Mr Joseph Balfour, for whom Mr
Richardson ever entertained feelings
of grateful regard. It is related of
him, that, even at this period of his
life, he gave evidence of a poetical
turn, having written one day, with
a bit of chalk, on his master's fur-
niture, a few verses of some merit,
which delighted his preceptor, and
in the neighbourhood.
procured him considerable applause



After, completing his initiatory inLatin ns in the English languages, and acquiring some knowledge of Greek, he was sent to Glasgow, and matriculated in the University there, on the 15th November 1757, having then entered in the fourteenth year of his age. Here his assiduous application to the study of Latin and Greek, under the care of Professors Muirhead and Moor, his rapid proficiency in classical learning, and the evidences which he gave of superior taste, soon attracted the nothose eminent men. tice, and procured the approbation, of Some poems, which he wrote at this time, and afterwards when he wa was studying philosophy, y, served to gain him additional reputation and applause. These

31.02 M

ces, and, if we may judge from the following very elegant tribute to the -merits of Mr Richardson, held in no inconsiderable estimation his general proficiency and talents.

effusions were on such subjects was to the charge of superintending the Spring and the First of May, a day education of the present Lord Cathon which the students gathered flowers cart and his brother, then about to go for the fire-places in the College, and, to England, his designs as to the though not prescribed by the Profes- church were given up for the time, assors, were occasionally read by them and never afterwards accomplished. to their pupils. Dr Moor was highly These young noblemen he accompapleased with one of those performan-nied to Eton, where he remained for two or three years, being distinguished at that place, in the capacity of private tutor, by classical erudition and elegant accomplishments. When in England, he had the honour of being frequently invited to the table of the illustrious Lord Chatham, who paid him much attention.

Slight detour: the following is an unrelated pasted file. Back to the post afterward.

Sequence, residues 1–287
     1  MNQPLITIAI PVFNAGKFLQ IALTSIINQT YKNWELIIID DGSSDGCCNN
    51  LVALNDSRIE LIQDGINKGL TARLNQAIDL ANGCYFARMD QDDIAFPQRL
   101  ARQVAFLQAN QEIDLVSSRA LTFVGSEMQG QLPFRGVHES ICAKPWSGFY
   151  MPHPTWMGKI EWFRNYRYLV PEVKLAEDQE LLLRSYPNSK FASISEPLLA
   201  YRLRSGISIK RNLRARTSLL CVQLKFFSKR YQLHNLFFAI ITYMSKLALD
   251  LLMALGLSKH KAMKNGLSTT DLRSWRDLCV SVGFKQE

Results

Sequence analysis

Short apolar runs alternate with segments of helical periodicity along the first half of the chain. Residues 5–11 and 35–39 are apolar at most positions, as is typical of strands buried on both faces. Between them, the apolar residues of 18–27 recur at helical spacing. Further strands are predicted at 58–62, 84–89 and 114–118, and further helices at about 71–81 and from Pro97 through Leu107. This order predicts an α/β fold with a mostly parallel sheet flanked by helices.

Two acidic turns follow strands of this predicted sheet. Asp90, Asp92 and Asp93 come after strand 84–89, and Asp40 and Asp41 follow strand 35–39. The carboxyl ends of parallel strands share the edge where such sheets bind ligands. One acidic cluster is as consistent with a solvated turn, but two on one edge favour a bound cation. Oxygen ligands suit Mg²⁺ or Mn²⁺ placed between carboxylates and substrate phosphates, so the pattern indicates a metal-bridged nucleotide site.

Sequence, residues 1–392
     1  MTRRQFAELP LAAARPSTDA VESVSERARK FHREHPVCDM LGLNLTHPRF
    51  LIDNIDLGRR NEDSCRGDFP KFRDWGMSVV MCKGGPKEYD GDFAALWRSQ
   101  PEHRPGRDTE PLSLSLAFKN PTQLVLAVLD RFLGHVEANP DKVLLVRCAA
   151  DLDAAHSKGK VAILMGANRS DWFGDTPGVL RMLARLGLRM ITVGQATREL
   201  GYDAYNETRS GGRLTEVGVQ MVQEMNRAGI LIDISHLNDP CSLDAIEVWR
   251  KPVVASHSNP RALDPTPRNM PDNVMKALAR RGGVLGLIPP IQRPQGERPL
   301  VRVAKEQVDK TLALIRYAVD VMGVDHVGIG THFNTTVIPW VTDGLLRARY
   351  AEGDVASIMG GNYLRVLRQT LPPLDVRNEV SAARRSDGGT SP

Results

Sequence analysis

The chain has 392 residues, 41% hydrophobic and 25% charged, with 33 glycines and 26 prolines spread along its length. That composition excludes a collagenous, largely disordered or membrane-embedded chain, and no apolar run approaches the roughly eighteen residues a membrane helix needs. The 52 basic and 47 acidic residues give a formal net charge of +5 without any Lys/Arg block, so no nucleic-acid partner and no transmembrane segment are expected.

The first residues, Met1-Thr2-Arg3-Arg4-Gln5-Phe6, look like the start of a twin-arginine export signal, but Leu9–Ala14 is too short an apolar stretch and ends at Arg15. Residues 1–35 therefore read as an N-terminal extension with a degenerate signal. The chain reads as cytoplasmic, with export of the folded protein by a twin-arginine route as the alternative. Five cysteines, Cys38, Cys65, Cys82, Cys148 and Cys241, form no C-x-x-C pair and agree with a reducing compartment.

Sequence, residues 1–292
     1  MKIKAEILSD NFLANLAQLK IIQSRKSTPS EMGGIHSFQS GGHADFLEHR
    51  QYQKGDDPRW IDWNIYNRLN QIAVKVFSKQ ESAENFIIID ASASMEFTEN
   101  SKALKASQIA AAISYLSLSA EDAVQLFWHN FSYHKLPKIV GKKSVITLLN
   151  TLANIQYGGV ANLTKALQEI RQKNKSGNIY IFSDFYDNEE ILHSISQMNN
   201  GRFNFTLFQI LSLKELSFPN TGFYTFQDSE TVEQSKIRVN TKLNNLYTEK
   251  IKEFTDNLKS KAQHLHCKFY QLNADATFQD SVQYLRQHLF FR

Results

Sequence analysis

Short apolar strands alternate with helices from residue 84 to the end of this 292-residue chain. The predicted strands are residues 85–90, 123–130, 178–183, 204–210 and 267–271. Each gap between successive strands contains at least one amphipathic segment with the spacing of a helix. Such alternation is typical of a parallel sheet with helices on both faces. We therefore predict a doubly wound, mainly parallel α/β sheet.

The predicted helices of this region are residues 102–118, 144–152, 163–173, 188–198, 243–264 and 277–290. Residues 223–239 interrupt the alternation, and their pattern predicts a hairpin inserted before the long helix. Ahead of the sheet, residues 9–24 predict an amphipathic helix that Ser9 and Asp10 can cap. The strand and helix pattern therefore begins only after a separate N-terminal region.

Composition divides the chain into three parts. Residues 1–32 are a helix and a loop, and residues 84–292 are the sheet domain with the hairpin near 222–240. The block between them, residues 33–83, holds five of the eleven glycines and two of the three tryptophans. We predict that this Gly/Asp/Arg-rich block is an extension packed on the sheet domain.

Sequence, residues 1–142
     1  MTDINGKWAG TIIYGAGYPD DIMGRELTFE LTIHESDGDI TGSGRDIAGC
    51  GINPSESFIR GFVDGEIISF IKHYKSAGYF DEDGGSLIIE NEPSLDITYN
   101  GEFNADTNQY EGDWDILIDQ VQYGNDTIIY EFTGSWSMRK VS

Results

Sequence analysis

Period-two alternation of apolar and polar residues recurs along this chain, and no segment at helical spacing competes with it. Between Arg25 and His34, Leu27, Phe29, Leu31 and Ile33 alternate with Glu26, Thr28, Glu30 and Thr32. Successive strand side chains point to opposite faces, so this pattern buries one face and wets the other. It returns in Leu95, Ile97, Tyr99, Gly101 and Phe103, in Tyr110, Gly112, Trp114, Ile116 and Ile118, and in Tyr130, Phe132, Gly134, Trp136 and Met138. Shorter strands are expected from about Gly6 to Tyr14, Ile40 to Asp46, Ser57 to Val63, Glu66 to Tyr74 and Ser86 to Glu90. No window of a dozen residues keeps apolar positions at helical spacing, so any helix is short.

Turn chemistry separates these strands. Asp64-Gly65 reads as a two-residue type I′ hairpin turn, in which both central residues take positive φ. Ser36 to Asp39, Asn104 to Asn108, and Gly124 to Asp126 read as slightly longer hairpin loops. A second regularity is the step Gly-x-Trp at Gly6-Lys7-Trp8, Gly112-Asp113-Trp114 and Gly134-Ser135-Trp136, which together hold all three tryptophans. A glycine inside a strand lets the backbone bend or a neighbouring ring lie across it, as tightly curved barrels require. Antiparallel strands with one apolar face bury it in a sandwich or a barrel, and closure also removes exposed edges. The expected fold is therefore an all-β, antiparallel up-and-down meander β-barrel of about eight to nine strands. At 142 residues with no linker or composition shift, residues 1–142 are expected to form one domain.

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et ingenuae verecundiae, GULIELMUS RICHARDSON, SNOW Filius unicus Reverendi viri Jacobi Pastoris Parochiae de Aberfoil, Annos natus quindecim, Academiae Tons Glasguensis, 90 696ng wit In classibus literarum Graec. et Lat. ille Altero anno alumniis;


Ad musarum, interea, patrio sermone, Cultum, haud infeliciter aspirans, Post varia nascentis indolis specimina, Proemium hoc academicum, 9TOW 690 I Publice tulit ; bge

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Pridie Calendas Junii, MDCCLIX. SOS. ME 199J. M. Litt. Gr. P.

*E CINE, Jotolo

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ois In this way Mr Richardson recomsamended himself to the notice of the Professors, and particularly to the late ytvenerable Principal Leechman, who became his early patron and friend, and who procured for him the situation of private tutor in the family of Cunningham of Craigends. The ceJebrated printers, Messrs Foulis, also Powere useful to him in various ways while he attended College; and their 1 acquaintance, accidentally acquired by Mr Richardson happening one evening in their sale-room to bid very To keenly for a copy of Marcus AntonMinus, was soon improved into a friendship which was cemented by similarity of pursuit, and which was terminated only by the death of one of -the parties. 12 When he had finished the usual becourse of languages and philosophy, roland had taken the degree of Master of

Arts, Mr Richardson began the study of theology, intending to be a clergyIman. With this view, he attended the lectures of Dr Trail for nearly three sessions, and is said to have made considerable progress in divinity. But at the end of this period, being recommended by Dr Leechman

In the year 1768, Lord Cathcart, father of the present nobleman of that name, was appointed ambassador extraordinary and plenipotentiary to the Empress of Russia, and accordingly, in the August of that year, he went to St Petersburgh, accompanied by his family and their tutor. As they resided four years in that capital, Mr Richardson must have enjoyed admirable opportunities of enlarging his knowledge of the world, at the same time that he could prosecute, with eminent advantages, his private studies. Having easy and frequent access to the society of the learned, to the circles of fashion, and to the means of becoming acquainted with the customs and politics of the nation, he must have both added to his information, and cultivated his manners and taste; and that such were the effects of his stay in Russia, was sufficiently shewn by the improvement, observable at his return, both in his mind and in his deportment.zvoda




Mr Richardson filled the important office of private secretary to Lord Cathcart, as well as that of tutor in his Lordship's family. But these situations not entitling him to admission into the court circles, he was under the necessity of procuring from the Empress a special appointment to the military rank of a Major in the Russian service.

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While in Russia, he carried on a correspondence with his literary friends in Glasgow. That part of it which passed between his class-fellow, Professor Arthur, and himself, was afterwards published in the shape of Essays, in a small work to which they contributed, in order to promote certain designs of the publisher, Mr